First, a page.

I’ll be giving my closing argument for this massive thread and conclude my participation.
Humans descending from primates
First, I’ll address the arguments presented of man descending from other primates.
Chimps and humans
Originally, it was claimed that humans and chimps share 99% identical DNA. And this number is still often quoted. However, the latest research shows that this number is too optimistic. The number is now lowered to 94%. So, DNA evidence does not strongly suggest commonality as once thought.
Further, there is no direct ancestry from chimps to humans. Rather, what is claimed is that there is some common ancestor of humans and chimps. However, no fossil evidence has been presented on the existence of this ancestor. Since no fossil evidence exists, it is more likely that this hypothetical primate does not exist.
Endogenous retrovirus (ERV)
The argument for this is that retroviruses become junk DNA and are passed down from one species to descending species.
One counterargument is that ERVs are increasingly found to have function and are not junk DNA. So, a foundational presupposition of the argument is called into question. (Also since ERVs have been traditionally been assumed to be functionless, this has actually dampened scientific progress since scientists did not bother to investigate if they really had a function. Only recently has research been progressing in this area since we are now starting to find function for ERVs.)
No evidence has been presented that ERVs are a result of a virus being inserted into a human species ancestor. This is merely a hypothesis. And I’m not even sure this hypothesis is testable. Since the injections would’ve occurred in the remote past, and there’s almost no chance of getting DNA sequences of those ancestors, and that we would have no way of finding out if such a virus existed prior to being inserted.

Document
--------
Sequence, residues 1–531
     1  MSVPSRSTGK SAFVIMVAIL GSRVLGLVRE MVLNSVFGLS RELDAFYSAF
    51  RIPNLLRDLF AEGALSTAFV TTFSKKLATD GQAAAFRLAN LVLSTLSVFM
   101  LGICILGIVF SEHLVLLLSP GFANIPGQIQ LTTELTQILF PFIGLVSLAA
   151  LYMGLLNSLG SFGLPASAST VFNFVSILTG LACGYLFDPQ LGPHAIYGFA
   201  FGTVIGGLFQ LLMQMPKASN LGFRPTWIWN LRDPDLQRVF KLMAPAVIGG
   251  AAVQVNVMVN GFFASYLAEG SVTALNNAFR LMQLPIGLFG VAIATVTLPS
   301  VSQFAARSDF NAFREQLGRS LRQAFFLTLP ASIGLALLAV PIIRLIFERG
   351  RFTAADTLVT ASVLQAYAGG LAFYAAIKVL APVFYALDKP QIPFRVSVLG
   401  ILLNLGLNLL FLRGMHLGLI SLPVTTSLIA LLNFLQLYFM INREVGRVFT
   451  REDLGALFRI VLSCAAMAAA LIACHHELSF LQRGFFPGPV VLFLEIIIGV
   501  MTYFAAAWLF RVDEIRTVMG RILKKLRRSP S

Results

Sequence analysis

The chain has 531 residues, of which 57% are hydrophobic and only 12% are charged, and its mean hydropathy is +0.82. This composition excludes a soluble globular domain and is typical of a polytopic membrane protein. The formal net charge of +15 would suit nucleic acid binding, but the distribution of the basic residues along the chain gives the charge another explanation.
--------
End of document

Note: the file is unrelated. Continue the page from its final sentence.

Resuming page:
Also, ERVs between primates and humans do not form a clear hierarchy. For example, a common ERV exists in chimps, bonobos, and gorillas, but not in humans.
Merging of chromosome
I addressed this in post 50:
otseng wrote: Chimps, Gorillas, and Orangutans have 48 chromosomes (24 pairs). Humans have 46 chromosomes (23 pairs). If humans evolved, then the fusion event must have happened at the chimp/human split or after the split. Let’s take the first case – at the chimp/human split. When the split occurred, an individual underwent a chromosome fusion by random chance and reduced the count from 48 to 46. But, in order to pass this on, it would have to mate with the opposite gender that underwent the exact same fusion. So the first two male and female humans would’ve both had the fusion at the same time. So, for three events to happen concurrently – first pair of humans to arrive, a male chromosome fusion, a female chromosome fusion – would be quite improbable.
What would be more probable is that the fusion occurred after the split. There would be many humans with 48 chromosomes. So, the only thing that would be required is a male chromosome fusion and a female chromosome fusion and that they would have to mate. Since it’s impossible for them to determine their chromosome count, it would have to be by pure random chance that they would meet. Then one would have to explain why all the humans with 48 chromosomes became extinct. All the great apes survived for millions of years with 48 chromosomes. If they also experienced fusion while they existed, the 46 count became extinct. So, why for humans would the 48 count become extinct?